On May 30, the sophomores and juniors of the Vessel Ops program took an interview for a CTE summer internship involving working on the water at the MAST center. This internship would involve working on the docks or underway on a boat. While were underway we will capture more experiences and learn more tools, helping us become more equipped for the future. We get paid $11 or more an hour, 25 hours a week, for 6 weeks. I plan on using the money to save for college tuition in 2 years. I look forward to this internship, learning new methods of functioning on the water, and exploring new waters.

Fishers Island (Oyster Farm Boats)

IMG_0129This picture above shows me on the bigger aluminum boat ; 35 feet with an outboard engine, that was towing the smaller green boat ; 20 feet with an outboard engine, that go stuck by the oyster farm with Jeremy (Aquaculture teacher)  and some of his students.

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The picture above shows me steering the smaller green boat going back to the Malinowski dock from the Fishers Island’s oyster farm.

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This picture shows Max, Pete’s son, on the left and Theo, Aaron’s son, on the right (and me) on the 20 foot fiber glass boat while we were tied up to fuel. Theo and Max were practicing their line throwing skills. For their age, I’d say they were pretty good at it.

Working On My Own Boat

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I got to work on my boat. It was great. I don’t get out on my own boat that often because school takes up all my time. I have a 29ft Shamrock with a twin screw––a great boat. Today, I took the shrink wrap off and started a full cleaning, and getting it ready to be put in the water. I really like running my boat. It’s a great experience. I did also some work on my dad’s boat which is a 42ft. Hopefully today I can put both boats back in the water and go out for a sea trail.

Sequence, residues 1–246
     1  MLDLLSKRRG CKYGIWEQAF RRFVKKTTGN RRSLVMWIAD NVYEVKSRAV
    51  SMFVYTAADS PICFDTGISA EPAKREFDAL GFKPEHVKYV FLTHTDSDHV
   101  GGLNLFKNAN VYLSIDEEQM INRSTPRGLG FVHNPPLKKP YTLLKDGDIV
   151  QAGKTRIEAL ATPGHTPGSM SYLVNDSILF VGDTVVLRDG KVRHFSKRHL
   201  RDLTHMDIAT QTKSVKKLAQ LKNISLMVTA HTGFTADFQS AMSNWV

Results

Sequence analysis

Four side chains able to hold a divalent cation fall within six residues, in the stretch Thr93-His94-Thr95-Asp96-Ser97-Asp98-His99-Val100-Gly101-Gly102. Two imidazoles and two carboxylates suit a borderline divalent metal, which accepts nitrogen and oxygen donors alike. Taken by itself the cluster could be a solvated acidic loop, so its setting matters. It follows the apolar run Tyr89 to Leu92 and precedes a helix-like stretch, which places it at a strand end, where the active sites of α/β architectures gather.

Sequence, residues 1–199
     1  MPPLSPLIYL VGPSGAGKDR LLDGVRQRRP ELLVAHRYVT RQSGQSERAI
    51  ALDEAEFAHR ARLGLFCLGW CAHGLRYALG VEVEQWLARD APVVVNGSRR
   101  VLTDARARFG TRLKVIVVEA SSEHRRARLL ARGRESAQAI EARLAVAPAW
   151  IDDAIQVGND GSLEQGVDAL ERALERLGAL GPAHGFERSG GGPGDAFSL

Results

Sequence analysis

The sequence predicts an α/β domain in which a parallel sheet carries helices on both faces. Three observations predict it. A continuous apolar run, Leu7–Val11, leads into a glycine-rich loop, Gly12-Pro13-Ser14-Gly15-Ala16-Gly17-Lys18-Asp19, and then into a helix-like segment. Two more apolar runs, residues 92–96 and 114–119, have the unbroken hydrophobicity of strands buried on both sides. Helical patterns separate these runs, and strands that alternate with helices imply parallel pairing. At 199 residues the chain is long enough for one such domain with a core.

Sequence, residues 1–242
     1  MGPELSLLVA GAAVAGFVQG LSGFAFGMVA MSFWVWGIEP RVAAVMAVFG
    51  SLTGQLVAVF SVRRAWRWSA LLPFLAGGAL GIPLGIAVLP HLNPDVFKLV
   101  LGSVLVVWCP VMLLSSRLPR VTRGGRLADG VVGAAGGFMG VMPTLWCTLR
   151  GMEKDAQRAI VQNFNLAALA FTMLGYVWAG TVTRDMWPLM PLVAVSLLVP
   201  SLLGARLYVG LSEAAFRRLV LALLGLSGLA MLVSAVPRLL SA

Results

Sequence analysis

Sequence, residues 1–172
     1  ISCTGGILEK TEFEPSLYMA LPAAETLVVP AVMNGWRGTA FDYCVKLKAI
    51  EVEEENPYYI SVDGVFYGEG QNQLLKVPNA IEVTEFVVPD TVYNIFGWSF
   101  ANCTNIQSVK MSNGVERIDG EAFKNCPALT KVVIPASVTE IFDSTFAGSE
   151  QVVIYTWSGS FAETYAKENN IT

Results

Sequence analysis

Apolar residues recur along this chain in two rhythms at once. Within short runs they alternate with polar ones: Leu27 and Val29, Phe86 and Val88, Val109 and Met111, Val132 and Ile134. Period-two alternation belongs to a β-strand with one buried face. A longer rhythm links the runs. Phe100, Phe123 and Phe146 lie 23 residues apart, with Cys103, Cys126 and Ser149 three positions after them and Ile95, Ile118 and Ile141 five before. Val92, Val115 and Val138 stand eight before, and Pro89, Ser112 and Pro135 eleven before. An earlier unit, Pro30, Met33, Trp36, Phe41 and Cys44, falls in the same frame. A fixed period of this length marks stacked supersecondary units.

MOORING

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A group of 4 to do the job

predict the distance

don’t put the helm in a state of confusion

such actions can mess everything up!

once you see the mooring approach

be ready with the hook

make sure to have your spotter by your side

Get the line and place it on the hook

make it off and yell

LINE MADE!

Picking up a life raft

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This photo is from the day we had to deflate the life raft that the juniors inflated for practice. The experience of deflating was very fun and challenging in some aspects. We had to rearrange the raft on the boat to where we were able to open up the depression valve but we had to keep rearrangeing the raft till we had the big valve and we’re able to completely deflate the raft. After we were done deflating it we had to roll it up and then put it on the dry dock.

The Pros of a CTE School

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Being a student at a high school that provides Career and Technical Education (CTE) Programs has honestly been amazing so far. I’ve been in traditional school settings my whole life and have always enjoyed learning but much of what we learn in the curriculum is entirely useless.

For example Biology, it’s not that I don’t like science but honestly… when are we going to need to know about plant species in the desert.

See in a CTE School we learn practical skills that actually apply to our future careers. Not only that, but in a school like Harbor School students are given more responsibility and are treated as adults so we are taught to be accountable. Most schools belittle their students. We are respected by the adults if we deserve it.